Opener ‘Ambulance’ begins by emitting playfully effervescing electronic tones, before settling into a tight, concentric drum pattern beneath a scintillating keyboard arpeggio. ‘A Loop So Nice’ subtly ascends skywards, Stanier’s beats coalescing around spiralling, chiming sounds. It seamlessly sets the scene for ‘They Played It Twice’. Xenia Rubinos’ ecstatic vocal hits a soulful plateau, before the beats erupt once more with renewed insistence. It’s the closest the album comes to directly evoking a club dancefloor, and as such feels like relatively new territory for the band.

Following that, the gorgeously hazy and pulsating ‘Sugar Foot’ seems cut from a different cloth entirely. An airy and ambient cloud of free floating loveliness, which shifts gear irresistibly around the halfway mark as Stanier’s drum patterns and layered guest vocal effects come to the fore. The track makes great use of Yes vocalist Jon Anderson’s unique alto-tenor as well as contributions from the intriguing Taipei-based experimental psychedelic band, Prairie WWWW. Coming so close on the heels of the album’s most overt dance-music moment, this feels like no accident, but rather a tongue-in-cheek acknowledgement of the diversity of the band’s influences, and an indication of how confident they are in transforming and blending their source materials.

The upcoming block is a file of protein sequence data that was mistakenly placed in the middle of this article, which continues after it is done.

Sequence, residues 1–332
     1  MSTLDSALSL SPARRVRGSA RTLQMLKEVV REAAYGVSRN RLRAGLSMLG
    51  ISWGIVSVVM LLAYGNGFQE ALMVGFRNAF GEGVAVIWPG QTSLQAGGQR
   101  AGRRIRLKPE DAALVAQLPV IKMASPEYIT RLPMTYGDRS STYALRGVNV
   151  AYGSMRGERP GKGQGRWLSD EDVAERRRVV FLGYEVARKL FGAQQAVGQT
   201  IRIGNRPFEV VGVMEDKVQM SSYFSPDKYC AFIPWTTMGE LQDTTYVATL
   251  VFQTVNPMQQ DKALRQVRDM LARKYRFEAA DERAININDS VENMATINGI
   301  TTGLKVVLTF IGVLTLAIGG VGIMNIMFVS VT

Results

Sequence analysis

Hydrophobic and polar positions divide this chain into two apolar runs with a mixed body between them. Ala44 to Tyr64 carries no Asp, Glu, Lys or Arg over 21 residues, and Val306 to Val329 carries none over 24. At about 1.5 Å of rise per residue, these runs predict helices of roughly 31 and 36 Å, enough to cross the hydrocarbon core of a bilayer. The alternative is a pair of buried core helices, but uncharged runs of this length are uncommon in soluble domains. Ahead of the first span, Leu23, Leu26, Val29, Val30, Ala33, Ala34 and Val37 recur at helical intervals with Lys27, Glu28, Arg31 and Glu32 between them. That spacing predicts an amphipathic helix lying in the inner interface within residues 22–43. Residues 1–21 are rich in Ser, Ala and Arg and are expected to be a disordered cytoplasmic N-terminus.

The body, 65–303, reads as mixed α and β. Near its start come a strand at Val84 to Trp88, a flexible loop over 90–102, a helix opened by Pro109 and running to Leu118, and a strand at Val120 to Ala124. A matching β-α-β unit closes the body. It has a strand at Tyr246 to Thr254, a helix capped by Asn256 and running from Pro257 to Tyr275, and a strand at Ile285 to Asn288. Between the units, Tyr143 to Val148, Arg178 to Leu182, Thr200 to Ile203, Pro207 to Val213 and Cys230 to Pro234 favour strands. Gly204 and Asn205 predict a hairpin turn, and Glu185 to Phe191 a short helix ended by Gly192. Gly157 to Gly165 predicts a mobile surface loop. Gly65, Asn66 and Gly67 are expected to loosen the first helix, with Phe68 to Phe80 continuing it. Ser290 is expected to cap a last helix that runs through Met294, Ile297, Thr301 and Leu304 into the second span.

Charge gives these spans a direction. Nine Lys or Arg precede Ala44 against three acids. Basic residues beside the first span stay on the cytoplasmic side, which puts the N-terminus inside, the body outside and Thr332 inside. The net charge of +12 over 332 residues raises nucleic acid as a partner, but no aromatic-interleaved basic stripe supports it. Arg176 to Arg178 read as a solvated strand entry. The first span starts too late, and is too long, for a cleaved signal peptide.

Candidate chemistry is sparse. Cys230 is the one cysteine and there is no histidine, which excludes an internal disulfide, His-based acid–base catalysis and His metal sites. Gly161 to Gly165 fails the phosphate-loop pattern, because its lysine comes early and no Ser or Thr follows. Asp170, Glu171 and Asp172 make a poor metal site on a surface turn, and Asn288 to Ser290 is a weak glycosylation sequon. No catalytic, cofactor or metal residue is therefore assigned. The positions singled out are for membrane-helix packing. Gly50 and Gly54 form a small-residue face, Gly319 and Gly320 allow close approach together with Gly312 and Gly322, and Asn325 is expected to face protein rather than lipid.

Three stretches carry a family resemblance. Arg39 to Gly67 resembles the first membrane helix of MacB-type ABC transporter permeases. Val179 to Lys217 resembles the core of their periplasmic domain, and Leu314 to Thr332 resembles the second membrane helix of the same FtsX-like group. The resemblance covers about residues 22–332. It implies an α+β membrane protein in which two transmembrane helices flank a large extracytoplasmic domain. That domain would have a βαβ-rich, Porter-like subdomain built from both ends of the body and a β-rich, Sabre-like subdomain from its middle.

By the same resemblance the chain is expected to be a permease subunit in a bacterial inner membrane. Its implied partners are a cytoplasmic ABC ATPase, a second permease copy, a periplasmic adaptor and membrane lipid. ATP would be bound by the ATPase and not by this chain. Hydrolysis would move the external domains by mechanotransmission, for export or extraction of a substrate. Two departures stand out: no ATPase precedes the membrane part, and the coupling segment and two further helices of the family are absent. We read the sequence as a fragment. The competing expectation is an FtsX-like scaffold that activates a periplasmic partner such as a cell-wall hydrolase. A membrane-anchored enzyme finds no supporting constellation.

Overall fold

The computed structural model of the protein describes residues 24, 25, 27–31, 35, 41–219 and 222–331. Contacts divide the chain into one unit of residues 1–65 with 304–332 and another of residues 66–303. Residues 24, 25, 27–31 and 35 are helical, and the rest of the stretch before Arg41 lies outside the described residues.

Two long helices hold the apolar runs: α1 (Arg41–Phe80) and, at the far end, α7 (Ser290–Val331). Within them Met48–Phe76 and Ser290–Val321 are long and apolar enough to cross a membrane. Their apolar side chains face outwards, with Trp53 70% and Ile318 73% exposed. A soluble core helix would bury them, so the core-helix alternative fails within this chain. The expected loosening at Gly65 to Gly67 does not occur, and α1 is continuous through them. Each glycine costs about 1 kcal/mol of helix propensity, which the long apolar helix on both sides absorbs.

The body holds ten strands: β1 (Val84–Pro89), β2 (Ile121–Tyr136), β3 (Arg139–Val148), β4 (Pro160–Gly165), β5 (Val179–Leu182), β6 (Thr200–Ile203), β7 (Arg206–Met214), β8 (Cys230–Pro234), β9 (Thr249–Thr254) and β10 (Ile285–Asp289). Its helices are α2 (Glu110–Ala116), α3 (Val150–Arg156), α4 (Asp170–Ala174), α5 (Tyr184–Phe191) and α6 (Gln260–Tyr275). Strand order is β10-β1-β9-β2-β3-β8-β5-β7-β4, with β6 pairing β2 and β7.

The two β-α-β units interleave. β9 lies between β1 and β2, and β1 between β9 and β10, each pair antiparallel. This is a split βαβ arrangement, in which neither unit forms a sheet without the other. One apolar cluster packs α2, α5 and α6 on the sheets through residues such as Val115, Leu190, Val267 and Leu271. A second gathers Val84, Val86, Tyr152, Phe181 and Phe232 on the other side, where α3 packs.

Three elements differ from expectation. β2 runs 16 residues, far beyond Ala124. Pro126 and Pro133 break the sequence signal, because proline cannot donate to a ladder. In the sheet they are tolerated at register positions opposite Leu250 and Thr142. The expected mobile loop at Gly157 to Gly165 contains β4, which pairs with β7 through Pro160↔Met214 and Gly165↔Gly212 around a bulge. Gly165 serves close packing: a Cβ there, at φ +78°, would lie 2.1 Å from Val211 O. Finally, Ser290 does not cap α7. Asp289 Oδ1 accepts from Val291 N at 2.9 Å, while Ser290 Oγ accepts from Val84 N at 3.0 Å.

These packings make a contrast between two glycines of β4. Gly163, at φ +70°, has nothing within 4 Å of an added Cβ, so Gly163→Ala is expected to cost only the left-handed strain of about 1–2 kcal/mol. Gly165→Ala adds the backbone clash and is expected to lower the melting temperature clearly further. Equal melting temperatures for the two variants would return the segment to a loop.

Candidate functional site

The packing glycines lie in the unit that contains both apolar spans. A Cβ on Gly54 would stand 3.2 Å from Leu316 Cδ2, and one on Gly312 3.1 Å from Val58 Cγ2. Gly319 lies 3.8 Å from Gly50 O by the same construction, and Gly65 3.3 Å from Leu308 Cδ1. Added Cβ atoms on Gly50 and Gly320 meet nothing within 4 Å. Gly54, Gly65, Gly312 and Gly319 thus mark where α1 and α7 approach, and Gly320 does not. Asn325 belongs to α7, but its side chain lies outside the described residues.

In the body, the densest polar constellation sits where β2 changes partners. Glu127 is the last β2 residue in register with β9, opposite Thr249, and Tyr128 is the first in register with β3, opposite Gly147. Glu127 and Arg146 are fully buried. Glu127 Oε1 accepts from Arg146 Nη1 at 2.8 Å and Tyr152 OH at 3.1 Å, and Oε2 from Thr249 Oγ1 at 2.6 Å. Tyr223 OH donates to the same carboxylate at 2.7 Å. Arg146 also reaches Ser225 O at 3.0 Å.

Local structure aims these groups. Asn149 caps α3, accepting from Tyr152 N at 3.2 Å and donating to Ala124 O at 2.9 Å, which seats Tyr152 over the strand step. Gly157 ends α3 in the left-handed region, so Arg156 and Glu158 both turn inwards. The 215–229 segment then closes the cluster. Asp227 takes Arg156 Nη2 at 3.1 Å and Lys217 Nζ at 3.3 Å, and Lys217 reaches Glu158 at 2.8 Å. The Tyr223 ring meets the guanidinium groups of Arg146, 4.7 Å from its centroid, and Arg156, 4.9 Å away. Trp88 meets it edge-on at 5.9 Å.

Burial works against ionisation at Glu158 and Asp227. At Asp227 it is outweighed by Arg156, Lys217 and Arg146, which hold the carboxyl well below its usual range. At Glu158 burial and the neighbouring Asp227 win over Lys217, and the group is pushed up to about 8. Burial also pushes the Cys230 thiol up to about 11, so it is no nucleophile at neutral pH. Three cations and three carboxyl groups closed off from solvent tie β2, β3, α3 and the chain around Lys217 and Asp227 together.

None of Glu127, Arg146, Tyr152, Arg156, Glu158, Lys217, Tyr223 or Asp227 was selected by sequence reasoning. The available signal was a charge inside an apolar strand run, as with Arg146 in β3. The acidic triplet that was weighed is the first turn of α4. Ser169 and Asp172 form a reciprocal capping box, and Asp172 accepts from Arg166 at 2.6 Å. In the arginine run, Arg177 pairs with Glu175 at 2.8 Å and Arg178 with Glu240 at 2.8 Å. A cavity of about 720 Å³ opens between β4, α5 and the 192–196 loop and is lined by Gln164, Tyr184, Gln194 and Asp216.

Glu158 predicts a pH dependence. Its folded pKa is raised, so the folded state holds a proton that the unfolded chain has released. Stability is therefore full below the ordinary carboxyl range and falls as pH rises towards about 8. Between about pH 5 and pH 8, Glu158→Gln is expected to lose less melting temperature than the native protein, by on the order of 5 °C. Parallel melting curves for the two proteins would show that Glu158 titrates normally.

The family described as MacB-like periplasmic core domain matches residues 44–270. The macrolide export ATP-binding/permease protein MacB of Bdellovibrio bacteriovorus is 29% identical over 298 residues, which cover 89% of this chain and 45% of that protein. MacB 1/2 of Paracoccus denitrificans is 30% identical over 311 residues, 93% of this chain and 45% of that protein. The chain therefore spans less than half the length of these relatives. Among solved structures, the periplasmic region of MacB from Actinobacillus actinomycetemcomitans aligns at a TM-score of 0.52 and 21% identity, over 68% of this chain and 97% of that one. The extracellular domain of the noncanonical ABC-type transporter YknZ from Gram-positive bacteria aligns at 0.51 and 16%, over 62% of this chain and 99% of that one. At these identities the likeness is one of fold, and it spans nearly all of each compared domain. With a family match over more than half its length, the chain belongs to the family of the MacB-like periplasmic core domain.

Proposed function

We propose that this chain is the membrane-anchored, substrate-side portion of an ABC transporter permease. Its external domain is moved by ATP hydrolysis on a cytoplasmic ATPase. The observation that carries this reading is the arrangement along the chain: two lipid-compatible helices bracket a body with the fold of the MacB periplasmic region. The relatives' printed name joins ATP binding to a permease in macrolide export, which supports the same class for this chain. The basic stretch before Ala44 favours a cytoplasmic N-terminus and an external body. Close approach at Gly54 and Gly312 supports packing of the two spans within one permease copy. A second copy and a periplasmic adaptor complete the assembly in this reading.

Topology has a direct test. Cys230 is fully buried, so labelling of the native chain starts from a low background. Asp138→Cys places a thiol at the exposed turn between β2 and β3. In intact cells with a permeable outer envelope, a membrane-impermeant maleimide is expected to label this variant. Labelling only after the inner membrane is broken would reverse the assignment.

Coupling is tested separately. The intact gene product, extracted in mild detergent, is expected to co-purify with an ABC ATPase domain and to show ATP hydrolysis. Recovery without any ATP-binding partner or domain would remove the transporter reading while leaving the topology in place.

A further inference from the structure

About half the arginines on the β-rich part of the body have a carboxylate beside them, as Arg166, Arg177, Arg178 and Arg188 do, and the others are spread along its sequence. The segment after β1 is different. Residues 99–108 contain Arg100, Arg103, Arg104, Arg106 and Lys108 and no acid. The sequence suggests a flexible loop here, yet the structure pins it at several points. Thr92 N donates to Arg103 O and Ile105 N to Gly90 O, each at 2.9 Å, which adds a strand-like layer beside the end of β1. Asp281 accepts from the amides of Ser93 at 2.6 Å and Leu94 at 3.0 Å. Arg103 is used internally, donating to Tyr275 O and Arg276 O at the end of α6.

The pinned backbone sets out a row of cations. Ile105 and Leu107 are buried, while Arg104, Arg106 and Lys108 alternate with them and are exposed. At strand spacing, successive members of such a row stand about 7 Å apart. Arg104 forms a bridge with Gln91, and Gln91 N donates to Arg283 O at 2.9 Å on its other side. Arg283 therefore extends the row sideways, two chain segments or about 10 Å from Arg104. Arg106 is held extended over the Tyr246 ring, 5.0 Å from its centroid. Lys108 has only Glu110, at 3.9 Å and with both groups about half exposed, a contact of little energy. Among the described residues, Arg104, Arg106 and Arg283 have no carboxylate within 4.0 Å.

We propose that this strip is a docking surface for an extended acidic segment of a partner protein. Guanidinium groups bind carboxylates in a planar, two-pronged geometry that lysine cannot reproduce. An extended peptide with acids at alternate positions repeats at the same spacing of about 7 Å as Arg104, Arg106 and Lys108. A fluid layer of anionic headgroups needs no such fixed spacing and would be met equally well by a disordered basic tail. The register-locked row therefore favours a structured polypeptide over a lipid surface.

‘Fort Greene Park’ is Battles at their most direct, a lovely rising series of notes, almost jingle-like in their comparative simplicity, with a melodic hook that wastes no time in embedding itself in the listener’s memory. It wouldn’t be surprising if this tune, like ‘Atlas’ and ‘Ice Cream’ before it, found its way into other contexts, such as television adverts and computer games. If that sounds like reason enough to distrust its charms from the onset, then I still can’t quite bring myself to do so.